Bylaw officers are usually viewed in a negative light as the people who ruin your day by slamming down a big ticket for a parking infraction. The Tribune’s Ryan Horne spent a morning with a City of Guelph bylaw officer to see what the job’s all about.
By Ryan Horne
Dominic Mitges is a people person. You have to be if you’re going to be a successful bylaw officer. “I love this job because I get to interact with a variety of people,” said the Guelph native who graduated from a policing program at Conestoga College in 2007. “A lot of people think we are just the parking enforcement guys, but we do so much more.” On July 19, Mitges’ day started at 8 a.m. like any other – with an hour-long briefing at city hall for all bylaw officers working the day shift. The big news on this day is that the city has elevated its outside water use program to Level Two – Red. This means there is a ban on lawn watering and further restrictions on watering trees, shrubs and flowers, as well as vehicle washing. After the briefing, around 9 a.m., Mitges and this reporter jumped into a City of Guelph SUV and our three-hour ride-a-long commenced.
The morning drive began with three residential complaints, including a man washing his car, a car that was apparently leaking oil on Glasgow Street and a van that had been parked on the road for more than 48 hours. When we arrived at the scenes, nothing was going on.
“Some days you’re busy and with every call something is going on,” said the officer of five years. “Other days you’re busy with calls, but nothing’s going on when you get there.”
This could be one of those days. But a day with few tickets written is not a bad one for Mitges.
“I don’t get a kick out of throwing a ticket down,” he said.
Mitges works four days of 12-hour shifts in a row, then gets four days off. The same goes for all bylaw officers.
Driving eight to 10 hours a day, he knows Guelph like the back of his hand. Still, every now and then there are streets that are impossible to find.
“There always seems to be a tree from the Mesozoic Era blocking the sign when you’re trying to find a street you’ve never heard of,” said Mitges with a chuckle.
Mitges received a call from a Guelph resident who was irate with an unknown group of people who have been throwing bags of garbage onto his front lawn.
When we arrived at the residence, the older man who owned the house was visibly upset about the littering, which has been going on for months – especially the two-litre pop bottle filled with cigarette butts sprawled on the lawn.
“I don’t know the son of a bitch who’s doing this, but it’s (expletive deleted) pissing me off,” said the man.
In a situation like this, even though the man was not angry with Mitges, an officer needs to find a way to talk the person down. Showing empathy by validating people’s feelings and frustration goes a long way in this job, said Mitges.
“You will be dealing with situations that are emotional,” he said.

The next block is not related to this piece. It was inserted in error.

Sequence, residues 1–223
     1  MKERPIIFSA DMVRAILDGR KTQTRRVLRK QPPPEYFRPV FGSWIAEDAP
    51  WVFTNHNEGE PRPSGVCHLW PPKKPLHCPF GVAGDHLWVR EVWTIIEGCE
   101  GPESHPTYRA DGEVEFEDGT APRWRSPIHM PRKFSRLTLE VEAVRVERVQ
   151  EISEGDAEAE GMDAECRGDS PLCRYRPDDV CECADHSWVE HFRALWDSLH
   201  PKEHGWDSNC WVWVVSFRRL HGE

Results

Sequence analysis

A worker from the city’s waste resource service came to take the garbage away to investigate it and, hopefully, find clues as to where it could have come from. The chance that something can be found of any consequence is slim to none.
We drove past a house where a garden was being watered.
The problem: they were watering on the wrong day – even house number on an odd day – and it was outside the restricted time zone from 7 a.m. to 9 a.m. and 7 p.m. to 9 p.m.
Mitges talked to the resident and explained the new restrictions on watering, but didn’t issue a ticket.
“We like to look at it like a first-time scenario” whenever possible, said Mitges, who’s currently attending the University of Guelph in criminology on a part-time basis. “Our biggest thing is to gain compliance and educate the city.”
This time around, the man receiving the warning was very understanding, but that is not the norm. Mitges has been assaulted and heckled a number of times on the job, which is something that comes with being a bylaw officer.
“Unfortunately, it’s the nature of the job. You have to take the good with the bad,” he said.
Mitges said good officers should be able to talk themselves out of 98 per cent of confrontations by knowing when to be assertive and when to be calm.
The owner of a laundromat wanted a truck and trailer towed in her parking lot. If the owner of the truck were there, Mitges would have simply asked him or her to move it. Instead, it was time for the first ticket of the day, but no tow. In order for them to have the right to tow, there needs to be a City of Guelph bylaw sign around the area of the parking infraction.
After a couple more non-calls, we ditched the car and trekked downtown on foot. Mitges likes to use his time on foot to build rapport and chitchat the locals, including a fellow Italian who Mitges always talks to in that language when they see each other in the heart of the city.
“It helps to forge relationships with people downtown,” he said.
A car without any sign of a driver was parked illegally near the mall – ticket time.
Not 15 minutes later, another vehicle was parked in almost the same spot. This time the driver was a pizza man, and Mitges told him to move his van out of the way for safety reasons. The driver complied. Hopefully, nobody swiped his pizzas when he put them down to move the van.
A lady was petting a pigeon on the sidewalk that had apparently been stranded on the road because of a broken wing. She called the Guelph Humane Society and was waiting for their arrival.
“It’s very unpredictable, that’s why I continue to work here,” said Mitges. “I really never know what I’m going to encounter.”
Anything can happen in a day-in-the-life of a bylaw officer.